Govia Thameslink stands by staff over Stevenage wheelchair incident

PUBLISHED: 17:01 10 August 2018 | UPDATED: 17:01 10 August 2018

Govia Thameslink has been criticised for its handling of a passenger using a wheelchair at Stevenage. Picture: Taylor Geall

Govia Thameslink has been criticised for its handling of a passenger using a wheelchair at Stevenage. Picture: Taylor Geall

Archant

Rail operator Govia Thameslink has stood by the actions of its staff amid condemnation of how they handled a passenger using a wheelchair at Stevenage station.

Members of the Hitchin Rail Commuters group reacted with fury to a Facebook post about a young man in a wheelchair telling railway staff he “couldn’t travel like this” after being pushed onto a crowded London-bound train.

The post read: “Disabled guy refused to get on the train at Stevenage a few minutes ago.

“The platform staff pushed him on, told everyone already squashed in to move down, then dumped him by the toilet – telling him to sort his own brakes out, and ‘they will sort you out at Finsbury Park’.

“He said he couldn’t travel like this. I’m not sure I can either.”

Group members responding to the post were united in their disgust, calling it “inhumane”, “appalling” and “absolutely outrageous” – and calling for anyone who witnessed the incident to lodge a complaint.

One user wrote: “There is a total disregard for humanity, for the safety of passengers and health and safety.

“Sickening that people are treated in this way. Will a witness please come forward and make an official complaint? We can’t allow this to continue.”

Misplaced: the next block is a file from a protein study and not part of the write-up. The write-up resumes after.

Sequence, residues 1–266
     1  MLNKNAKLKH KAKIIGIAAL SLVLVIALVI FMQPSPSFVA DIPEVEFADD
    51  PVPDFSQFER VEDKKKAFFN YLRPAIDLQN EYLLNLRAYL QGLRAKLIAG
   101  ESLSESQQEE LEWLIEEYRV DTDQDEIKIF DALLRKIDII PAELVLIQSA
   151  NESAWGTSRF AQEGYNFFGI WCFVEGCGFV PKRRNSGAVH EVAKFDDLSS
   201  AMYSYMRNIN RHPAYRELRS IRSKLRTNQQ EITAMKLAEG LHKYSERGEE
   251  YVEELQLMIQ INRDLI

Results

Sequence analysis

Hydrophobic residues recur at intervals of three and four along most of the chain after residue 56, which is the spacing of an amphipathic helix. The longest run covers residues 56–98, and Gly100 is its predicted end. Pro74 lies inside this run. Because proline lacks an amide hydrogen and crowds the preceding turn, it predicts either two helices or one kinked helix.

Govia Thameslink has told the Comet a very different story. The rail firm said it had investigated the incident, which happened on a Thameslink train towards Horsham at about 8.34am, and claimed the social media report was “untrue in many respects”.

A Thameslink spokesman said: “A member of our staff helped a passenger using a wheelchair onto the train, as the passenger wanted, and asked passengers in the wheelchair area to move along the carriage to make space.

“Some passengers did so, but others did not.

“Our staff member was not familiar with the wheelchair type, so asked the passenger if he was happy to secure the brakes himself. However, the passenger then asked to leave the train as he felt it was too busy for him.

“He was helped back to the platform and onto the next train, which was less busy, and continued his journey happily.

“We phoned ahead to his destination station to ensure help was ready there. We place a high priority on helping everyone to use our services, and we thank our staff for their attention to this passenger’s needs.”

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